"For ever! For all eternity! Not for a year or for an age but for ever. Try to imagine the awful meaning of this. You have often seen the sand on the seashore. How fine are its tiny grains! And how many of those tiny little grains go to make up the small handful which a child grasps in its play. Now imagine a mountain of that sand, a million miles high, reaching from the earth to the farthest heavens, and a million miles broad, extending to remotest space, and a million miles in thickness; and imagine such an enormous mass of countless particles of sand multiplied as often as there are leaves in the forest, drops of water in the mighty ocean, feathers on birds, scales on fish, hairs on animals, atoms in the vast expanse of the air: and imagine that at the end of every million years a little bird came to that mountain and carried away in its beak a tiny grain of that sand. How many millions upon millions of centuries would pass before that bird had carried away even a square foot of that mountain, how many eons upon eons of ages before it had carried away all? Yet at the end of that immense stretch of time not even one instant of eternity could be said to have ended. At the end of all those billions and trillions of years eternity would have scarcely begun. And if that mountain rose again after it had been all carried away, and if the bird came again and carried it all away again grain by grain, and if it so rose and sank as many times as there are stars in the sky, atoms in the air, drops of water in the sea, leaves on the trees, feathers upon birds, scales upon fish, hairs upon animals, at the end of all those innumerable risings and sinkings of that immeasurably vast mountain not one single instant of eternity could be said to have ended; even then, at the end of such a period, after that eon of time the mere thought of which makes our very brain reel dizzily, eternity would scarcely have begun." James Joyce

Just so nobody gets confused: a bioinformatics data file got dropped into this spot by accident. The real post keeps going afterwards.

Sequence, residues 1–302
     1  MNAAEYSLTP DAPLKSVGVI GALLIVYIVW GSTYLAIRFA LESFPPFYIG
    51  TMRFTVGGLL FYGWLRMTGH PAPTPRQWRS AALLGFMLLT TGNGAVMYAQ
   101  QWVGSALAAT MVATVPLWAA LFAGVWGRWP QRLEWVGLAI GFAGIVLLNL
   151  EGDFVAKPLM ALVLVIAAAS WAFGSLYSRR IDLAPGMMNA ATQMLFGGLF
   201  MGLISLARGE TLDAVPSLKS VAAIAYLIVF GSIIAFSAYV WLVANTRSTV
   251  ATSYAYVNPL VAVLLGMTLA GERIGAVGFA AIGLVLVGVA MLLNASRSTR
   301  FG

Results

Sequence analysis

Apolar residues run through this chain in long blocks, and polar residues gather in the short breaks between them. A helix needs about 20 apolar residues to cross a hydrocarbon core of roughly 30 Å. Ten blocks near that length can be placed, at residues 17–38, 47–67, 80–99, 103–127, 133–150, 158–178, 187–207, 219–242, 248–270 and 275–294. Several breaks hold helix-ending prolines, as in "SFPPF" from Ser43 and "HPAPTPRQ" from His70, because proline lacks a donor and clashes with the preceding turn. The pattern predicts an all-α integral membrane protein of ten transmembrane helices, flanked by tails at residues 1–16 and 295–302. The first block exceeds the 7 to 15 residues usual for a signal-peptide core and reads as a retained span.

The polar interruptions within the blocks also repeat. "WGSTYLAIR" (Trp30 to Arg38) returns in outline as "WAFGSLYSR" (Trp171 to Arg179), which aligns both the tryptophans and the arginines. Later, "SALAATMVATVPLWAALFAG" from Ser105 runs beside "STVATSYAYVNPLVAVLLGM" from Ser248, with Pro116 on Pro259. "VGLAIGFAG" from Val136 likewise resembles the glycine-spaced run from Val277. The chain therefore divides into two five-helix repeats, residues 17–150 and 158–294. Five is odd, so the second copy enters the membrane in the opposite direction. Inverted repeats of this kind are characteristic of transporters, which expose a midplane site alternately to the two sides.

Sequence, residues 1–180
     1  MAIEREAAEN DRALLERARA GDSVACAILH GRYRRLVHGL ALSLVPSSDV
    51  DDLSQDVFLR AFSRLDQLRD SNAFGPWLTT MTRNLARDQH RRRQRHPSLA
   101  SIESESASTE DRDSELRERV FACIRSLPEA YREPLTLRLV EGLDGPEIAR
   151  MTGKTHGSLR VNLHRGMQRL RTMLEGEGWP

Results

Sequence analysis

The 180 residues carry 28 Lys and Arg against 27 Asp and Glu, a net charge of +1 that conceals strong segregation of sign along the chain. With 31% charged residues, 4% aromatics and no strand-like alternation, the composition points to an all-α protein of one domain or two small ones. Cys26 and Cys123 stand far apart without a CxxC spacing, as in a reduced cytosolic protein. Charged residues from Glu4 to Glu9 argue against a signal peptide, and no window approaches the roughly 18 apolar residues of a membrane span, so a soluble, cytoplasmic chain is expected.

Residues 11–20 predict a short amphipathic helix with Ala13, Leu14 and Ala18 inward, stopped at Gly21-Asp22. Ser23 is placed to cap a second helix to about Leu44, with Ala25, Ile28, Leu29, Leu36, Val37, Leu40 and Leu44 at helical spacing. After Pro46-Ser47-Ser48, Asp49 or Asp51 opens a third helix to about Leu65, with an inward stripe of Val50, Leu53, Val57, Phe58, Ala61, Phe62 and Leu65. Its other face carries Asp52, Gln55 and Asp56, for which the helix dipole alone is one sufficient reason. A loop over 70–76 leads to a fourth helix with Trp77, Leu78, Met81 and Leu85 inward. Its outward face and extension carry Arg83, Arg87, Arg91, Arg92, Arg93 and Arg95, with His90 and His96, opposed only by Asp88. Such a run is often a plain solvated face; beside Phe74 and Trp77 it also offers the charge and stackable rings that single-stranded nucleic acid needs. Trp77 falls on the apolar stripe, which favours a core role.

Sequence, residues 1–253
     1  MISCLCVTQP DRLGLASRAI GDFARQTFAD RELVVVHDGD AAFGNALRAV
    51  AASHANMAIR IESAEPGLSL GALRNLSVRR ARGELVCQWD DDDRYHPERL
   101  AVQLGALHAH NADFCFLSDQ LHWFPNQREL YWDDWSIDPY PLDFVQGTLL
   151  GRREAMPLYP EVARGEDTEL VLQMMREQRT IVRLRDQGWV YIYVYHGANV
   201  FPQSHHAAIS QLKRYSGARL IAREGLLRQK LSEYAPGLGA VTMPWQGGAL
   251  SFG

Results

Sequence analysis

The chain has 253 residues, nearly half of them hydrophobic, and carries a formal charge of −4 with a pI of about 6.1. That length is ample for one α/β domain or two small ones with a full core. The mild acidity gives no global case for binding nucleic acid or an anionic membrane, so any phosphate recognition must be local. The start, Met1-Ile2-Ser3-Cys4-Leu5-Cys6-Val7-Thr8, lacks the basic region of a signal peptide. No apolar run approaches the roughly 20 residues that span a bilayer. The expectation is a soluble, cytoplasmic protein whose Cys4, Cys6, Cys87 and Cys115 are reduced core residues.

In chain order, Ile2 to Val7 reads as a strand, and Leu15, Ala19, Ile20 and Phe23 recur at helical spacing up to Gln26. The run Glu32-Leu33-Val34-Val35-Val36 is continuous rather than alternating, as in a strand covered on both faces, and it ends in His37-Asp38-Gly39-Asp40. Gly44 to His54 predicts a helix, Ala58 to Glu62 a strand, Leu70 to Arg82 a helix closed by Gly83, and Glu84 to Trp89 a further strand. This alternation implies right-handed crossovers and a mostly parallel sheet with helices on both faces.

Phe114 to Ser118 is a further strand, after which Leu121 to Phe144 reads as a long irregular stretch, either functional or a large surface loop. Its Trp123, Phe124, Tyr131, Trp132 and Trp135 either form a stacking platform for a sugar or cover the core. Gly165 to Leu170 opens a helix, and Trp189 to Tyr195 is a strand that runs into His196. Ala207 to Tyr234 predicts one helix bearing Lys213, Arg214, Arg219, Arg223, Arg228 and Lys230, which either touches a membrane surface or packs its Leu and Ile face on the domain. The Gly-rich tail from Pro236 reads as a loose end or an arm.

"We are lucky to be alive, and life is precious because it's finite."

kymee said...

I really like this one, story and picture. Simple yet makes a point.

Good job =))


Griffin said...

Thanks folks!

madameshawshank said...

My sister's in-laws are Italian. One day each year there is an Italian feast ~ many people/much food! simply for the heck of Dee Why (a suburb to the north of Sydney). On this particular day Dee Why Beach was closed.

madameshawshank said...

ah, rosemary in utah, Mr Joyce's did he even manage to walk around!

madameshawshank said...

'n Rosemary..a little more Joyce...a little more Joyce eternity! I came across this today..believe it or not while searching for a photo of Norman Douglas' grave.
"I will not serve that in which I no longer believe whether it call itself my home, my fatherland or my church: and I will try to express myself in some mode of life or art as freely as I can and as wholly as I can, using for my defence the only arms I allow myself to use - silence, exile, and cunning. ... I do not fear to be alone or to be spurned for another or to leave whatever I have to leave. And I am not afraid to make a mistake, even a great mistake, a lifelong mistake and perhaps as long as eternity too..."